By the principles of the common law, the payment of a judgment or execution amounts to a satisfaction thereof. This principle, notwithstanding the statute which will be presently noticed, still remains unchanged. It is true, that, by the purchase of a judgment, there may be a valid transfer of it to the purchaser, which will vest him with an equitable right, and authorize him to use the plaintiff's name to enforce it. Yet if the intention were to pay off the execution, and not to make a purchase of it, the execution would be satisfied, and the party so paying it, left to his action against the defendant. In this case the bill charges that the judgment was paid off; the demurrer admits it, and with this admission we could not hold, that it might be enforced to the prejudice of the complainant. His purchase would overreach the lien of the execution under which the defendants claim. It has already been decided by this court, that the lien of a judgment is discharged by a payment of it, whatever may be the rule as to the validity of a sale under it. Banks v. Evans, 10 S. & M. 58.

The statute which provides, that when a sheriff shall have paid a judgment against him, rendered for his failure to return an execution according to law, the original execution shall be vested in such sheriff for his benefit, does not embrace this case. Hutch. Code, 448. The plain distinction between them is, that the statute refers to the payment of the judgment against the sheriff; this case relates to the payment of the original execution against the defendant.

Another reason for overruling the demurrer is this: the bill charges certain facts in regard to the sale, and alleges that they amount to a fraud upon the rights of the complainant. If established, they do amount to fraud in the conduct of the sale, but whether it would affect a bona fide purchaser, is another question. But the charge is a general one, and is broad enough to comprehend the present defendants. It is well settled, that such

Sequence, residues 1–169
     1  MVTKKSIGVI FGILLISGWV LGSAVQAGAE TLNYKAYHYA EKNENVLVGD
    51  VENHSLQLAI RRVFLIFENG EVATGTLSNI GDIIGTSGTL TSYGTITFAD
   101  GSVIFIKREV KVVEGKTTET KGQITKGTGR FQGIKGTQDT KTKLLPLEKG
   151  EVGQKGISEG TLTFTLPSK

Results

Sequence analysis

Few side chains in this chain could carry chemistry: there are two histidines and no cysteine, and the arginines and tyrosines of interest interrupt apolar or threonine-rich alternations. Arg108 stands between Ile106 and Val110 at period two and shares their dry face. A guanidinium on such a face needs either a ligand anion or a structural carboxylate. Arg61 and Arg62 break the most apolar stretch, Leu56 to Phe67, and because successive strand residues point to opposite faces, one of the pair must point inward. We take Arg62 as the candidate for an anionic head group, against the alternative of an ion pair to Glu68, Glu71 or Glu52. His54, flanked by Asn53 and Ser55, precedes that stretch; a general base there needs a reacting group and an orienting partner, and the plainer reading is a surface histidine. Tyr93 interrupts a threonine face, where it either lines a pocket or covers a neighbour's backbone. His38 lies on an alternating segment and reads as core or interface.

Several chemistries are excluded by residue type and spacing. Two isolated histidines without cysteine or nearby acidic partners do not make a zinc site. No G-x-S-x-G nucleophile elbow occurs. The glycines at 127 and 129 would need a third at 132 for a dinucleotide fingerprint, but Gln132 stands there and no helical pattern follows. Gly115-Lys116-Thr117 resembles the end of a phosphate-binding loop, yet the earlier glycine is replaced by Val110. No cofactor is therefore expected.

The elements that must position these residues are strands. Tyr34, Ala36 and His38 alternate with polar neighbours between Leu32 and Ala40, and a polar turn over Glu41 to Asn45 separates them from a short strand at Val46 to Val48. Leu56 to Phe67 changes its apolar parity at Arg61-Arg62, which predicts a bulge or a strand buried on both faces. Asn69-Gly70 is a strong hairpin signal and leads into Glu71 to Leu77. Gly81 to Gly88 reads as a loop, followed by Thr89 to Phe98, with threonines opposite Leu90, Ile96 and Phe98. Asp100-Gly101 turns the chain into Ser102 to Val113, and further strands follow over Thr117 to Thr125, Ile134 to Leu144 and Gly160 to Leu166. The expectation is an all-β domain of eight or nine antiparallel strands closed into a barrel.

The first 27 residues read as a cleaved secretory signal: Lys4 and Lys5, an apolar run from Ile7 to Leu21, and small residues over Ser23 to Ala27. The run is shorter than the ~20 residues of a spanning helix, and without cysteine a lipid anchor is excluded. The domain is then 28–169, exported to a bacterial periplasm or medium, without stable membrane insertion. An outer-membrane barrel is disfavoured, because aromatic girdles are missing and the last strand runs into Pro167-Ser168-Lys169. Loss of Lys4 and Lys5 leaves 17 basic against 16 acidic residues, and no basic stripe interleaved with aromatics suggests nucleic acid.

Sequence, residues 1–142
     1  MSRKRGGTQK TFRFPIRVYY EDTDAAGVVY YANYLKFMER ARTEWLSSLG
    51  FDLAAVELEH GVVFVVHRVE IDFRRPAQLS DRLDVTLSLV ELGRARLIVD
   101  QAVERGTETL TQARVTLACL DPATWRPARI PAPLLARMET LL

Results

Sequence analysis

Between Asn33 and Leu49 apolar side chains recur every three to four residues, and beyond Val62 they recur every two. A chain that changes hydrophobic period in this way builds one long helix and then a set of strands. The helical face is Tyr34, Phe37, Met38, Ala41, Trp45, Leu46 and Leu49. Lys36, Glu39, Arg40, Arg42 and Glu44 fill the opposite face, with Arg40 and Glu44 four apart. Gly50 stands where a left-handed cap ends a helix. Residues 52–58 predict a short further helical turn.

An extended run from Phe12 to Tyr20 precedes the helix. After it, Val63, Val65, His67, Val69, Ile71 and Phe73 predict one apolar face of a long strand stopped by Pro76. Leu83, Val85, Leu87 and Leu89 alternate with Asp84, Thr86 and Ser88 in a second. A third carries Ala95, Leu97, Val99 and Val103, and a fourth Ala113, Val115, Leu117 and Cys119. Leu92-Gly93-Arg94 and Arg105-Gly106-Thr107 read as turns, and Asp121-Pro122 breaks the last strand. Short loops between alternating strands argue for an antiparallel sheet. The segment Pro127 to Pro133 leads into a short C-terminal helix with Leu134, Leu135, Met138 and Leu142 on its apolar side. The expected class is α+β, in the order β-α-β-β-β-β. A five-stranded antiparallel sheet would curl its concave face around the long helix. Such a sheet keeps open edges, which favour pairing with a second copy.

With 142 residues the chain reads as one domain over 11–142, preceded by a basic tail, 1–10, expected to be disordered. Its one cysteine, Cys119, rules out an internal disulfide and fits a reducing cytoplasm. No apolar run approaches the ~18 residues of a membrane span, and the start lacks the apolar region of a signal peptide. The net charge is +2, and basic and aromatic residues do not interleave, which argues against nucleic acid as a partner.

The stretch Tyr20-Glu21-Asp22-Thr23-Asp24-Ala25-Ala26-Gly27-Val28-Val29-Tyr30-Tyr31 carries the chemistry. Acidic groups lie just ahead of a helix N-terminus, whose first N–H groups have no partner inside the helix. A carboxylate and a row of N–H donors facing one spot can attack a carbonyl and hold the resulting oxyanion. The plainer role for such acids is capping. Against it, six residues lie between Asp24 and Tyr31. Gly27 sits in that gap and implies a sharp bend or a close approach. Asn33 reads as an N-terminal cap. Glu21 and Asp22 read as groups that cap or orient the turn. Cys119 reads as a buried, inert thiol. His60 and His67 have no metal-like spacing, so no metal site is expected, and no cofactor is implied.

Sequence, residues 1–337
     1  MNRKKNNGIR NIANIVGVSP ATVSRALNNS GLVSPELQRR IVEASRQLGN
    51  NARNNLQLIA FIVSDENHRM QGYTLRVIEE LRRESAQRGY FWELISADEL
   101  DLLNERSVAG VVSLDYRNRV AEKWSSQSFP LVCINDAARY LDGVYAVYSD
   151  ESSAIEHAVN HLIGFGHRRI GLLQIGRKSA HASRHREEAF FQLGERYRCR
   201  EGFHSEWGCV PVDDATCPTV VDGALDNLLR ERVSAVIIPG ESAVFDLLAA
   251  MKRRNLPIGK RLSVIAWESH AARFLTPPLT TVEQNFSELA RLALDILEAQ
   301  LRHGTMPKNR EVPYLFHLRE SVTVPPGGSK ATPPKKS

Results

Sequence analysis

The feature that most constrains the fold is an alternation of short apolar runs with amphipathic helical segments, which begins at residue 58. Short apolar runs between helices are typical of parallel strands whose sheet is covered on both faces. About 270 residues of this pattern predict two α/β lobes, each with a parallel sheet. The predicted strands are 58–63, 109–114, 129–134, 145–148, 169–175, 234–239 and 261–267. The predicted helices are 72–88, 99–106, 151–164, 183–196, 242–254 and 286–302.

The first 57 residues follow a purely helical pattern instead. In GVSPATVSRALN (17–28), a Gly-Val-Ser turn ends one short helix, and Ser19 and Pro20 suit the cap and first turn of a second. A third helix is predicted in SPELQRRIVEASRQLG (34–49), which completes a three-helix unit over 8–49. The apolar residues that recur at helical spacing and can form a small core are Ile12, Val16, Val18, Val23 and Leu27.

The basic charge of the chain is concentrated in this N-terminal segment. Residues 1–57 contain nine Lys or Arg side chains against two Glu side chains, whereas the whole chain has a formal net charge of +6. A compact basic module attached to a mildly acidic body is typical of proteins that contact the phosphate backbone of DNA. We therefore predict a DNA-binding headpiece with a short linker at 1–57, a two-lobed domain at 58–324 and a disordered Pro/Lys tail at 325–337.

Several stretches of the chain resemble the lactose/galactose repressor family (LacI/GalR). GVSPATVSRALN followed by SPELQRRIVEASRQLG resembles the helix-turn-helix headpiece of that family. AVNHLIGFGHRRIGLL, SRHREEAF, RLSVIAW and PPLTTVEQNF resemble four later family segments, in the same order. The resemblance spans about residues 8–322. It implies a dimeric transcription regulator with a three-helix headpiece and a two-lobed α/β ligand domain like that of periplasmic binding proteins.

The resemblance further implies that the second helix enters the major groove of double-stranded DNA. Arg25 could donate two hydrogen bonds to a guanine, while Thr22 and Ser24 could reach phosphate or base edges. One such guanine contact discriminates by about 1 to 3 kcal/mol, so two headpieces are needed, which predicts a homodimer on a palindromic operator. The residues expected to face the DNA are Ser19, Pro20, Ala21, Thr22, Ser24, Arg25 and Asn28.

Knox et al. v. Vallanding ham et al. a charge of fraud must be answered and denied, otherwise a decree will be rendered for the complainant. Niles v. Anderson, 5 How. 363.

The question as to the right of the complainant to redeem, under the statute of 1842, (Hutch. Code, 919,) will not now be decided, because it may be wholly unnecessary. It may turn out, that he is entitled to recover upon the principles herein laid down, distinct from and independent of that statute. We are unwilling to pass upon the constitutionality of the act, if the case does not imperatively demand its determination.

The decree, disallowing the demurrer, is affirmed, and the cause is remanded.


A surety of a surety has no claim to contribution.
D. as principal, and S. and K. as sureties, executed a note, and judgment was

recovered by the payee against all of them; execution thereon was levied on the property of S., who gave a forthcoming bond with V. and L. as sureties; on the insolvency of S., V. and L., against whom and S. judgment on the bond had been rendered, were compelled to pay the money ; and thereupon V. and L. sued K. for contribution: Held, that the claim could not be maintained.

On appeal from the chancery side of the circuit court of Hinds county; Hon. George Coalter, judge.

E. W. F. Sloan, for appellant.

The plaintiff has shown no equity as against defendant. Knox was not their cosurety; nor were they sureties for him, but for Stewart, and can look alone to him; Hutchins v. McCauley, 2 Dev. & Batt. Eq. 399.

Mr. Chief Justice Sharkey delivered the opinion of the court. The bill was filed by Vallandingham and Lewis, to compel con